The IBM PC Company has chosen to use AMD K6 chips in a range of its consumer machines in favour of its own Cyrix-designed chips.
James Firestone, general manager of IBM?s consumer division, said: ?We look forward to offering new IBM Aptiva personal computers using AMD?s technology.?
Vinod Dham, group vice president of AMD?s computation products group, said: ?This validates the growing acceptance of the K6 processor.?
The deal pleased Wall Street by giving AMD another tier one PC vendor in its fold. The share price rose by $5 yesterday when the deal was announced.
But some commentators wondered why IBM had decided to use AMD?s technology rather than its own, designed by Cyrix and built at IBM fabs.
Joe D?Elia, senior semiconductor analyst at Dataquest UK, said: ?I can?t see any reason why they shouldn?t use their own devices. From a compatibility and performance point of view, they?re very similar.?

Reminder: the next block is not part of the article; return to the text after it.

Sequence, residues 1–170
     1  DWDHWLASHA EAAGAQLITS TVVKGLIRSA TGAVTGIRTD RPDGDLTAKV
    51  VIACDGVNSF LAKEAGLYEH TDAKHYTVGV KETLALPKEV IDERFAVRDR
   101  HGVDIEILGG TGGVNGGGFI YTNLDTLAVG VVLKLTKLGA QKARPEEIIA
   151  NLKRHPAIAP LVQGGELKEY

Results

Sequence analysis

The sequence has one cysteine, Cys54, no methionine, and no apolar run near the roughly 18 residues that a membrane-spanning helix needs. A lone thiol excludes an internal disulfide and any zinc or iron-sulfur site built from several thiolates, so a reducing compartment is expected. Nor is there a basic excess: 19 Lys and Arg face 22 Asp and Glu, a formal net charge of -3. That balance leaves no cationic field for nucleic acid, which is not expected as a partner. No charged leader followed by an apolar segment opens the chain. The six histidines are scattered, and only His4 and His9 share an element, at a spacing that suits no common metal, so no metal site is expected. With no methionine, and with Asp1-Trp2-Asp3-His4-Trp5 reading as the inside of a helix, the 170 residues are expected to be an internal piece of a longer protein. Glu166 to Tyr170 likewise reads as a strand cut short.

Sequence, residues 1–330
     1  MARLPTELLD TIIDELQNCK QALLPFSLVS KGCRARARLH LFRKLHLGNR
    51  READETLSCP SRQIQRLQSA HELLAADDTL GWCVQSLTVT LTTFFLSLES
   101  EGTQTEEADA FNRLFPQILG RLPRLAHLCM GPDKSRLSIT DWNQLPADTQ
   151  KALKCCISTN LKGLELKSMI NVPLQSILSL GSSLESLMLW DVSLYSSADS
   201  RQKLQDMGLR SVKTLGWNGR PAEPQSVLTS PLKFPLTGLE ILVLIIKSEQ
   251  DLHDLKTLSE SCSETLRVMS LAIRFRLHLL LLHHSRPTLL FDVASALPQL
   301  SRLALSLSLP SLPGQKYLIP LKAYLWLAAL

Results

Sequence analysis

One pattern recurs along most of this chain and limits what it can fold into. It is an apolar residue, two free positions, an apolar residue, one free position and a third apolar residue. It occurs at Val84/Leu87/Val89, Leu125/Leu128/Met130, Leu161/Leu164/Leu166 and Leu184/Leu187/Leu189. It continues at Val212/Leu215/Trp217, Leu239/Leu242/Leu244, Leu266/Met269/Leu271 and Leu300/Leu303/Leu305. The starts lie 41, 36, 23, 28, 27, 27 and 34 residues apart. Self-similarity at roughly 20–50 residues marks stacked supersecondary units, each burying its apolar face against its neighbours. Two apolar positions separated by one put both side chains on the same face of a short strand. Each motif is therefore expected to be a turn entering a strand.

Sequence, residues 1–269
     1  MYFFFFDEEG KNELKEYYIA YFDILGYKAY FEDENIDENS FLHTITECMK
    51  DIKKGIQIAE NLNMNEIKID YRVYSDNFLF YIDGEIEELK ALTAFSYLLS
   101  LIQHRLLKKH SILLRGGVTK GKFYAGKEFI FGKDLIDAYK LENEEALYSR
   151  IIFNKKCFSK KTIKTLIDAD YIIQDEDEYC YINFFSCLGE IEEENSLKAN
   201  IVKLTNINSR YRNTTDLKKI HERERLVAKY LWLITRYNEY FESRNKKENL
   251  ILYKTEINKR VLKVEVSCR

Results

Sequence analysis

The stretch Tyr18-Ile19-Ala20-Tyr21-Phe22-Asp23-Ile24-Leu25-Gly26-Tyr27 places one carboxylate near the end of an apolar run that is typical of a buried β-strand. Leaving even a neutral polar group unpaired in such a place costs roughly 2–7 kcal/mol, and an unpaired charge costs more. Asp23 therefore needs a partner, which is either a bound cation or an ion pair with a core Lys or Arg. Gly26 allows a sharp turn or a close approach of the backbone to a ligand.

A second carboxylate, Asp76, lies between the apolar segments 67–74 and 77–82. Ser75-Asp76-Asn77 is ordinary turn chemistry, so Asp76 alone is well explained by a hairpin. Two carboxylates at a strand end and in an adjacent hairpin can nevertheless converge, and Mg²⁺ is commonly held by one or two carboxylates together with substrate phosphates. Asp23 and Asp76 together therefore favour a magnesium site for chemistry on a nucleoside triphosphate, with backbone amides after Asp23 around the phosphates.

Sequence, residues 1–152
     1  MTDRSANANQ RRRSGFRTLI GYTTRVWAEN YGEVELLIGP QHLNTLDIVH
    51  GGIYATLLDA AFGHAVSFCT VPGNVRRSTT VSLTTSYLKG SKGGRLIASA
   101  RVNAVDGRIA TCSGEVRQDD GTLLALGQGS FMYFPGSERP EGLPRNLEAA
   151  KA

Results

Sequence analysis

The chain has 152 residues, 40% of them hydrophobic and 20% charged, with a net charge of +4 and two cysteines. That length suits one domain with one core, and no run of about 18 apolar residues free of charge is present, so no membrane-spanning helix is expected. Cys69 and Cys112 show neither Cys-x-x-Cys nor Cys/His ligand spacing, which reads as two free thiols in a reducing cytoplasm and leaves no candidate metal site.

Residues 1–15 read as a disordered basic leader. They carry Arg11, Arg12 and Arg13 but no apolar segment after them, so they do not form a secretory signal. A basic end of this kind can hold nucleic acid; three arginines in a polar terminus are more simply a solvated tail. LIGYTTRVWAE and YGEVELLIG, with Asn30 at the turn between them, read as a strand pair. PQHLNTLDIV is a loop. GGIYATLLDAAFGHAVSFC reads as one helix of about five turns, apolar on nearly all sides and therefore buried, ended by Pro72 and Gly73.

But, he said, it was possible that it was more economic for IBM to buy from outside. ?Perhaps they get a better price from AMD,? he said. ?If they can sell every [IBM] device they make on the open market, they make real dollars on it. Because AMD has to get these devices into first tier vendors, it is likely K6s are offered at very competitive prices.?
AMD has steadily built up a core of first tier PC makers prepared to use its K6 chip since its launch earlier this year. These include Digital, Acer and now IBM. But the real win would be if a company such as Compaq put its considerable muscle behind AMD in its war of attrition against Intel.
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